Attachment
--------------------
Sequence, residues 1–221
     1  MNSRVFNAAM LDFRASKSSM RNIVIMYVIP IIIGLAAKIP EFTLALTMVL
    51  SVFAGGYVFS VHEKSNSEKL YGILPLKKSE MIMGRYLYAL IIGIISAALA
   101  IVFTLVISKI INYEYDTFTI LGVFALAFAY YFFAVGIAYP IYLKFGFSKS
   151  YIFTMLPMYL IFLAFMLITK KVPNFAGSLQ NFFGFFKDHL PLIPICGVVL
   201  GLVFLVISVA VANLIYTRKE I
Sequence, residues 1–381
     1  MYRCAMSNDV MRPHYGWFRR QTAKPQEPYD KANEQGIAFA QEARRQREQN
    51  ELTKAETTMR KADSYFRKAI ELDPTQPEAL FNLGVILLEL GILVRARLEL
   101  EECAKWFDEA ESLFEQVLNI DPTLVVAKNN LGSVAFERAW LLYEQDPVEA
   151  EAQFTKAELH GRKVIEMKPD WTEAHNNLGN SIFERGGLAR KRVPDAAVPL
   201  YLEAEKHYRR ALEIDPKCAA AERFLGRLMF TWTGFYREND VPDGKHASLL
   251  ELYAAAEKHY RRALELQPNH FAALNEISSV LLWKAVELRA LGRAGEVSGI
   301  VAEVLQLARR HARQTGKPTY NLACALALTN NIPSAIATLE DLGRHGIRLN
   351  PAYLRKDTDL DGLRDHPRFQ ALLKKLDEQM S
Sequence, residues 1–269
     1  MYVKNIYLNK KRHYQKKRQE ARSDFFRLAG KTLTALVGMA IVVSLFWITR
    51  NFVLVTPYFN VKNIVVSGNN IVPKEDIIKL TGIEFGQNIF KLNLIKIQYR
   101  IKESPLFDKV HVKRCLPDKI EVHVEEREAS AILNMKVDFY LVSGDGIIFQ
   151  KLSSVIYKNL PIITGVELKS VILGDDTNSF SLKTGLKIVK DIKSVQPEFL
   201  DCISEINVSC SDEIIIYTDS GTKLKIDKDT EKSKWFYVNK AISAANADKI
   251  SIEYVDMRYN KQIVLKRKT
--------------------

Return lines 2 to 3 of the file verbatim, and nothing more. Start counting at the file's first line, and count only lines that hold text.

     1  MNSRVFNAAM LDFRASKSSM RNIVIMYVIP IIIGLAAKIP EFTLALTMVL
    51  SVFAGGYVFS VHEKSNSEKL YGILPLKKSE MIMGRYLYAL IIGIISAALA